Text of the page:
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01. Sep, 2013

A few days cycling around the Isle of Wight

A few days cycling around the Isle of Wight

The barriers lifted and we bumped our bikes over the rumble strips and up the ramp. Behind us, motorbikes revved up and children scampered back into their campervans. It was 5pm on a warm, muggy Friday evening in August and it was clear that the weekend couldn’t start soon enough for the waiting passengers.

Ushered to the front of the boat, we lent the bikes against the raised exit ramp, asking twice to make sure that there was no risk of the ramp deploying mid-voyage sending our bikes for a dip in the Solent. Across the water, beyond the white sails of yachts making use of the evening breeze, the Isle of Wight stretched out hazily on the horizon.  (more…)

31. Oct, 2012

Sleepless back in London: three months on

Sleepless back in London: three months on

Lying wide awake at midnight last Wednesday, I start to hear distant police sirens wailing in the distance, which triggers memories of having a local police escort whilst cycling in northern Peru.  Fast forward through a couple more random memories, I then realise that it’s precisely three months since we finished our circuit of South America by bike.

“How are you finding adjusting to being back?” is one of the most common questions we get asked.  Not that I mind of course as I honestly enjoy any opportunity to talk about the trip, but it’s a question that I have probably not given the same answer to twice.  I feel like I’m expected to say that “it’s awful”, that I can’t stand another day and that I’m going to leave on the bike tomorrow.  Overall, though, I think we have surprised ourselves about how it has been fairly easy to slot back into life. (more…)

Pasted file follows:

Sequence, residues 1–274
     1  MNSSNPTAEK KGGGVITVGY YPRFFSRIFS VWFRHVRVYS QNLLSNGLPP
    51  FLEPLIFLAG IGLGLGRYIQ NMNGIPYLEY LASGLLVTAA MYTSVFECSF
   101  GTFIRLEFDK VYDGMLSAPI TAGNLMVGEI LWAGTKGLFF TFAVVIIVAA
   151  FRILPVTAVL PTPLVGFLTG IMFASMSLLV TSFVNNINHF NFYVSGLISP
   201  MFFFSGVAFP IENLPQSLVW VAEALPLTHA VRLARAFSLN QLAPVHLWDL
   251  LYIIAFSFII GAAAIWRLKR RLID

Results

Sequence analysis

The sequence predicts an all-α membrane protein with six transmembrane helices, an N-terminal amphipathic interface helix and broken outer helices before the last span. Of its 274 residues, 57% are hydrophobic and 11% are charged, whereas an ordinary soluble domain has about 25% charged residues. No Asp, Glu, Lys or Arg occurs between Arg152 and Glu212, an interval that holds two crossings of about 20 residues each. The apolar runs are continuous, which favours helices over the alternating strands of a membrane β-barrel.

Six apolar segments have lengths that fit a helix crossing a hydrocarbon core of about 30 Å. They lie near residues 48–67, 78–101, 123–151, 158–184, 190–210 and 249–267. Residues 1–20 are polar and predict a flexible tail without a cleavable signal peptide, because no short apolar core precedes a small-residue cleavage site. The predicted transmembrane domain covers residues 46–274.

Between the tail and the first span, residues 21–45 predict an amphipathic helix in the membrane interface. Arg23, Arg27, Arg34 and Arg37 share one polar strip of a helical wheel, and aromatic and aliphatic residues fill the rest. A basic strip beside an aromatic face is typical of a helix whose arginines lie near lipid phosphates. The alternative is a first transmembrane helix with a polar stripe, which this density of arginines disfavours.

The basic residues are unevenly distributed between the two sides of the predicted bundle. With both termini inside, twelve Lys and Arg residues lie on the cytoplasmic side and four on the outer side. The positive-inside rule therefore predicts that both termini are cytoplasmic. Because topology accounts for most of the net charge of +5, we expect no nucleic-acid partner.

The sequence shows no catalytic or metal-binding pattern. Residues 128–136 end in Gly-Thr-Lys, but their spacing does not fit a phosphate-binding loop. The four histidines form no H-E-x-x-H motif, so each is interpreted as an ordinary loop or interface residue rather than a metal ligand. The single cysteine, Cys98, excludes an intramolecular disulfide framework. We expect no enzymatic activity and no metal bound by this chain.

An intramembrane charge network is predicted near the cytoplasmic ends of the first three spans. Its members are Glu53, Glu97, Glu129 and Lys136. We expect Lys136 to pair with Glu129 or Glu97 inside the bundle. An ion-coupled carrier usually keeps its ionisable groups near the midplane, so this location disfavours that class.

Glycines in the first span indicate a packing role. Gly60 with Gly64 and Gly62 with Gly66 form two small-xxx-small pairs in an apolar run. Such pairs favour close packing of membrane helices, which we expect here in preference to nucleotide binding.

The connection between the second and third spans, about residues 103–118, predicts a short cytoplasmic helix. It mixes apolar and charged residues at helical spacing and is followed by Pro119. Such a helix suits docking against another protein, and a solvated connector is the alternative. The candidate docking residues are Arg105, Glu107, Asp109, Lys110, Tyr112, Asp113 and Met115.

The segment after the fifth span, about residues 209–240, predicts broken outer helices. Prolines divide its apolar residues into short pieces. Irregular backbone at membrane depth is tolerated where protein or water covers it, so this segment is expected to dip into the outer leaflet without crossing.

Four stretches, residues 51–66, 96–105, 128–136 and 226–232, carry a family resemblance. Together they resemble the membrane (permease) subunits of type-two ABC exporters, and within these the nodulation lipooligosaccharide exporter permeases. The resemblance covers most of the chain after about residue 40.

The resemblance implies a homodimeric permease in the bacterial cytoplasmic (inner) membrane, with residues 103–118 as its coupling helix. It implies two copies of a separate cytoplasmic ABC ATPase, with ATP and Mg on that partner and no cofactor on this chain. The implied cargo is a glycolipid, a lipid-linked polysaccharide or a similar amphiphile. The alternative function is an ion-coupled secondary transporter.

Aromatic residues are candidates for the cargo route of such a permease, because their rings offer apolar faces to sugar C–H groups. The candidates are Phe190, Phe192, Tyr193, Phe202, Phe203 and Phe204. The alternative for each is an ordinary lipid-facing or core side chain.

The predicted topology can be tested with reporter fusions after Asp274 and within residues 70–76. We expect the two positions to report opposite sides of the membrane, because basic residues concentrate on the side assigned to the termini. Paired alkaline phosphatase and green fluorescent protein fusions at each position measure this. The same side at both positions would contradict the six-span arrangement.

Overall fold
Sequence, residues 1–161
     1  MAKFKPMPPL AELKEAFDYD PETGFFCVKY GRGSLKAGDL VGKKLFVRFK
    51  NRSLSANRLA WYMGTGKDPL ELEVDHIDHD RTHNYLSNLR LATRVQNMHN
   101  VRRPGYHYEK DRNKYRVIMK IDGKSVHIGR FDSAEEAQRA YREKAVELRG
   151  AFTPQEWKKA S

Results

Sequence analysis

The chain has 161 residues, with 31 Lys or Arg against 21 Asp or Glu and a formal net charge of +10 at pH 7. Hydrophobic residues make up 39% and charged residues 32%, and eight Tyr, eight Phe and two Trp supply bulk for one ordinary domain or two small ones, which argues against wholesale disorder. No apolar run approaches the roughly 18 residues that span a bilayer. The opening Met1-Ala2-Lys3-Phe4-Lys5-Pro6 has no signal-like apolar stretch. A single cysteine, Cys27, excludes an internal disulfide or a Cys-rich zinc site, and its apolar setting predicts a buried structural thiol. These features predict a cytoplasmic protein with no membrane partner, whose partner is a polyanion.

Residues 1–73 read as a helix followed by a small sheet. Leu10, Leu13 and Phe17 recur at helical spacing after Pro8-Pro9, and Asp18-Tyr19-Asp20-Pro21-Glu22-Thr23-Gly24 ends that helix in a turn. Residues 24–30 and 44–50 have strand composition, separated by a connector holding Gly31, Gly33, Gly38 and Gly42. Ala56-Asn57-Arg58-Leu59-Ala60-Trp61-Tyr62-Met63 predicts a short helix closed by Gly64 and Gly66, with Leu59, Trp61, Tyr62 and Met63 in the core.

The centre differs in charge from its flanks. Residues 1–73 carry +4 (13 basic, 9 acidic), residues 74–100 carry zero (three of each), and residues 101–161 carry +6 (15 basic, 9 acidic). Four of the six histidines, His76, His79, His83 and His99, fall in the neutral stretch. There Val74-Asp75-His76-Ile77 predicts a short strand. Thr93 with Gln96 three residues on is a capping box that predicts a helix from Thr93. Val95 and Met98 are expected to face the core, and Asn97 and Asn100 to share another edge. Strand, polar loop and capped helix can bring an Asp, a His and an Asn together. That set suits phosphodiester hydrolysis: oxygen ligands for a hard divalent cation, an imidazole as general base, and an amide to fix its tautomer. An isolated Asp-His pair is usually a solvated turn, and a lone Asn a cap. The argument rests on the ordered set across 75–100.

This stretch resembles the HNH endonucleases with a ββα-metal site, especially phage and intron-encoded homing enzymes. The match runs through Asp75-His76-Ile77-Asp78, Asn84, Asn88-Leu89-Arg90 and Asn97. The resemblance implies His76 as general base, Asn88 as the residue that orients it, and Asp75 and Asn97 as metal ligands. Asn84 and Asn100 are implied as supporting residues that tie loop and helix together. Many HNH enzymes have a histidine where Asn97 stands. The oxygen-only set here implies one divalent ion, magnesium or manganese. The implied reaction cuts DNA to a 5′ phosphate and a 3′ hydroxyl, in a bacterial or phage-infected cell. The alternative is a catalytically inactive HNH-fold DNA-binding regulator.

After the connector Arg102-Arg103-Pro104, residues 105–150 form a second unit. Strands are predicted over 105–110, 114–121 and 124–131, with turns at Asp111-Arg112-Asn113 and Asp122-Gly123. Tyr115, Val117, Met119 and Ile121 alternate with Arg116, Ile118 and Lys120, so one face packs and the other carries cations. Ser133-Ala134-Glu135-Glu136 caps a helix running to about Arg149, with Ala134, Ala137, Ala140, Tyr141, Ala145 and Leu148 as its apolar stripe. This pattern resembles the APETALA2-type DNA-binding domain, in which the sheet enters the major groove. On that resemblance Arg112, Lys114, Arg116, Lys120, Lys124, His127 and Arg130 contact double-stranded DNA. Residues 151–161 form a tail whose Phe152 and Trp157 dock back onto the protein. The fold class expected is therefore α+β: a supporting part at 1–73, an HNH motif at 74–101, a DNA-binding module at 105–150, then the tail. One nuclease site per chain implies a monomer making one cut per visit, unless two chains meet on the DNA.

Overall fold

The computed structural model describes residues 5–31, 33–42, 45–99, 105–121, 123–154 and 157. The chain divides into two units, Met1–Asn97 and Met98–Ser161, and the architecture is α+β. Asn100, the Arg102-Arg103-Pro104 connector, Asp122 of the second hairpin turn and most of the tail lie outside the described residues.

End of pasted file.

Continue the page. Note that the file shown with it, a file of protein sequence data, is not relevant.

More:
08. Jun, 2012

Mad dogs and Englishmen: Teresina to Sao Raimundo Nonato

Mad dogs and Englishmen: Teresina to Sao Raimundo Nonato

We were surprised to learn that Brazil’s full name is the United States of Brazil and that like in their North American counterpart, the USA, the states can almost be considered countries themselves. Using that analogy, our latest section took place in Piaui, the Brazilian equivalent of Nevada, with incredible heat, impressive rock formations and cacti.

Piaui’s capital city, Teresina, is the hottest state capital in Brazil. Fortunately, there was very little to see there, aside from a scenic lookout on a new bridge, so we were able to use the time to relax, do bike maintenance and wash our salt-ingrained clothes. (more…)

01. Apr, 2012

The Brazilian diversion: Pacaraima to Bonfim

The Brazilian diversion: Pacaraima to Bonfim

After over eight months pedalling about in Spanish-speaking South America, we rode our bikes back into Brazil. As there is no road link between Venezuela and Guyana, we had little option but to head south to the city of Boa Vista before heading northeast toward the first of the continent’s trio of lesser-known nations, Guyana.

At the border, between getting our respective exit and entry stamps, there were dozens of Brazilian vehicles in long queues waiting for the delivery of Chavez’s ultra-cheap gasoline to the final Venezuelan gas station. It seems that the despite being over 230km to the nearest sizeable settlement, it is still worth people’s while to spend a day visiting Venezuela to fill up their tank for next to nothing. (more…)

15. Feb, 2012

Getting to grips with Venezuela: Cycling San Antonio to Valencia

Getting to grips with Venezuela: Cycling San Antonio to Valencia

Crossing into Venezuela, our tenth country, we were keen to find out why it receives less than a quarter of the visitors of neighbouring Colombia which is hardly a mass tourism destination itself. What lay ahead was an experience unlike any other we’ve had so far, as we reached the most northerly point of our South American bike ride.

We crossed the Puente Simon Bolivar into Hugo Chavez country across a long, narrow bridge crossing a rubbish-strewn dry riverbed. Our first impressions were of a transformation back in time; huge American cars from decades before were living their third and fourth lives. (more…)